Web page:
Interception leaves Freeman pondering 'what if'
Joe Henderson, The Tampa Tribune, published 6 December 2010

Josh Freeman began his description of the final, painful pass he threw in Sunday's 28-24 loss to Atlanta by praising Falcons cornerback Brent Grimes. That's what you'd expect Freeman to do, I suppose.

Grimes had anticipated where the pass to Mike Williams was going and made the interception that, well, could wind up meaning just about everything to the Bucs. It sucked the life out of Raymond James Stadium. We'll know later if it did the same to the season. "I put the ball right where I wanted to just a great play by Grimes," Freeman said.

But as Freeman continued to speak, the more his regret came through. Even though his demeanor remained stoic and composed, you could tell this loss and his role in it will gnaw at him, forcing him to wrestle with that most frustrating of questions: What if? "If I could have recognized he got such a good jump sail it out of bounds," Freeman said.

What if? He kept talking, punctuated by a deep sigh. "I would have liked to lean out, give him a go-route. (Williams) would have stuttered him, gone right by touchdown, different day. But we didn't."

To add blood to insult, Freeman's upper lip was red and scratched from a collision he had with Grimes on the interception return. Freeman hit Grimes hard on the return, knocking him into the Bucs sideline into assistant coach Pete Mangurian. Freeman was flagged on the play for unnecessary roughness.

Could there have been a more bizarre ending to his day than drawing a personal foul penalty for dishing out a hit that looked like it came from Ray Lewis?

"I was surprised to see the flag. Obviously I'm not in that situation often, to make a tackle. But what's going through my mind is that there's no way this guy is going to return this ball," Freeman said. "I made the mistake. There's no way I'm going to let him get down the sideline. I felt like I was the last line of defense."

Until that moment Freeman had been what we have come to expect. When the Bucs began their last drive, 4:31 remained in the game and they were 77 yards away from the touchdown they needed to win. "No doubt, we think we're going to win that game," Williams said. "When he comes into the huddle with four minutes to go, we know we're getting into the end zone."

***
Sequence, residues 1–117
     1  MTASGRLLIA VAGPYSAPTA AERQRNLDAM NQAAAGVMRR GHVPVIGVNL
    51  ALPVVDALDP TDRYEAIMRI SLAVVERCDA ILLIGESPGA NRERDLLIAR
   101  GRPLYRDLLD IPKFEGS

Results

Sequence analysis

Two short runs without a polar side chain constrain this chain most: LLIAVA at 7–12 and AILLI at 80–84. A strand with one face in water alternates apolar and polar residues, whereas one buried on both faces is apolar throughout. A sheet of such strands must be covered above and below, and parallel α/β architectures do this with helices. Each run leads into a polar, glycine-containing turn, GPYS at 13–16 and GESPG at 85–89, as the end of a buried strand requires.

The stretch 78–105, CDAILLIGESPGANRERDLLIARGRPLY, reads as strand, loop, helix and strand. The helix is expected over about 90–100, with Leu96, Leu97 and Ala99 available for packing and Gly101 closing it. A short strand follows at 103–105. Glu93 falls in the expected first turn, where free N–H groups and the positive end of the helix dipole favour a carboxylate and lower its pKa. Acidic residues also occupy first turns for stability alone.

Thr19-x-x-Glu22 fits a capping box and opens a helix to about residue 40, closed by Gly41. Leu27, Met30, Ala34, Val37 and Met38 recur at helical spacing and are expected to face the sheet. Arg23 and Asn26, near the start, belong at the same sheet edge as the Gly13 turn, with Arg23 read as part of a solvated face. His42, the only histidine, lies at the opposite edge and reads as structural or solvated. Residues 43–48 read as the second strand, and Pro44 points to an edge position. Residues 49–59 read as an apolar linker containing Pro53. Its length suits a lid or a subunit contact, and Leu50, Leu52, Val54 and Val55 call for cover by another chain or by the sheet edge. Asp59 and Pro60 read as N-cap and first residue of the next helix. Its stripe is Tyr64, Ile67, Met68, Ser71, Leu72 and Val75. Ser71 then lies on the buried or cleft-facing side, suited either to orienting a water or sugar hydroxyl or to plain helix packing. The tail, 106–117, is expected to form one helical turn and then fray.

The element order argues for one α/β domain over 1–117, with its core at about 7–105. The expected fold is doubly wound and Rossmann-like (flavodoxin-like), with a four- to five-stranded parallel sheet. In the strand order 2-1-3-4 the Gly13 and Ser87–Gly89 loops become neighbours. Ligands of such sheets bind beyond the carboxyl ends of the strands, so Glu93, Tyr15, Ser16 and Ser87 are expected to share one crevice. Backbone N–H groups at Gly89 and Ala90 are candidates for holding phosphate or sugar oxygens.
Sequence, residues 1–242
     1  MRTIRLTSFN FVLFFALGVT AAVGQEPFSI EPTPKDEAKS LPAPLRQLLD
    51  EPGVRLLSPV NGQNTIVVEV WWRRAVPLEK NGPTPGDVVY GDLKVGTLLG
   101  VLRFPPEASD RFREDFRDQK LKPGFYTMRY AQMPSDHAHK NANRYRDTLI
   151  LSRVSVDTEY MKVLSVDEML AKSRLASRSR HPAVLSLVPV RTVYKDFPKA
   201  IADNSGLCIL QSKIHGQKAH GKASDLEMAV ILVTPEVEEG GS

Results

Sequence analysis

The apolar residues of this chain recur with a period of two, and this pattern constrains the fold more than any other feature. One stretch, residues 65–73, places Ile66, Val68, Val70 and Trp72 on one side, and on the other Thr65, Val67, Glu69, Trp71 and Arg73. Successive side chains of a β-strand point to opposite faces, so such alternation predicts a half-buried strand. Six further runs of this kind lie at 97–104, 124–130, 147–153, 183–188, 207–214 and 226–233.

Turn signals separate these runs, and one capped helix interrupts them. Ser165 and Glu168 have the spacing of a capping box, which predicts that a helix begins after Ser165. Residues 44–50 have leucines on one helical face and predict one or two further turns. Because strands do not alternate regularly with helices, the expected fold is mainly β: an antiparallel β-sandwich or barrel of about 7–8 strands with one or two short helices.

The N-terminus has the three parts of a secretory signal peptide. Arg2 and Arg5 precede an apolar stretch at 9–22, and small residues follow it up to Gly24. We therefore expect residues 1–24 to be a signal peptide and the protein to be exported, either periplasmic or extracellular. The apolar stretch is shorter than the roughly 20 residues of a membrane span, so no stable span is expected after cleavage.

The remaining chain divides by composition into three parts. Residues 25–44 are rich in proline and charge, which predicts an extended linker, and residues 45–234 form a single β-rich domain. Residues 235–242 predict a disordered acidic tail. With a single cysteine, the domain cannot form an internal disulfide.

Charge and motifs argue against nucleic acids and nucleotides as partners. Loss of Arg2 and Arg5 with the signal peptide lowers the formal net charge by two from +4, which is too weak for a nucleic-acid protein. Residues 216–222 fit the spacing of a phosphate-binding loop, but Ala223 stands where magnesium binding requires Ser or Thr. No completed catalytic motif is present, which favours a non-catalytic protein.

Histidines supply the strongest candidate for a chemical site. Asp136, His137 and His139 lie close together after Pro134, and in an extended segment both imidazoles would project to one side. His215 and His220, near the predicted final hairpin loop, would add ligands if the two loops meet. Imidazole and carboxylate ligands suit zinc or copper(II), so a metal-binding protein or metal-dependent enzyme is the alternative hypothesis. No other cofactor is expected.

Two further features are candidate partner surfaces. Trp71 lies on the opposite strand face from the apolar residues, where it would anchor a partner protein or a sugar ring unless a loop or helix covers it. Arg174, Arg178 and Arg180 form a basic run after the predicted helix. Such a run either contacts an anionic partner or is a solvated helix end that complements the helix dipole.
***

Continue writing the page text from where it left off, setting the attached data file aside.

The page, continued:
They have good reason to believe that. In a little more than a year as a starter, Freeman has a reputation of succeeding in situations just like that. "It's Josh time," receiver Sammie Stroughter said.

The Bucs ran 10 consecutive pass plays on the final drive. They had one timeout left plus the two-minute warning, but they didn't even consider running the ball. This game belonged to their quarterback. "We wanted to put it in Free's hands," Coach Raheem Morris said.

They didn't do that the last time they faced Atlanta and wound up losing at the end when rookie running back LeGarrette Blount got the ball with the game on the line. That wasn't going to happen again. "There wasn't a moment in that last drive when I didn't feel we were going right down and score a touchdown," Freeman said.

Most of the announced crowd of 53,955 no doubt felt the same way as Freeman moved his team with the same kind of late flair he had shown in leading six comeback wins in his time as a starter. When he hit Stroughter for 19 yards on fourth-and-12 with 2:18 to play, the Bucs were at Atlanta's 27.

"What was going through my mind was to eat up a little clock and not give the ball back to Matt Ryan with a lot of time left," Freeman said.

Freeman turned to his right for the pass to Williams, reading a defensive look he had seen three previous times in this game. This time, though, Grimes broke on the ball.

In an instant the comeback was over. The game was over. And Tampa Bay's path to the playoffs just got a lot tougher. There are three games coming up against sub-.500 teams and the Bucs need to win them all after this one got away.

Granted, it was a clutch play by a top cornerback. As he walked away from the stadium after the game, though, Freeman said it came down to just one thing. "It's on me as a quarterback," he said.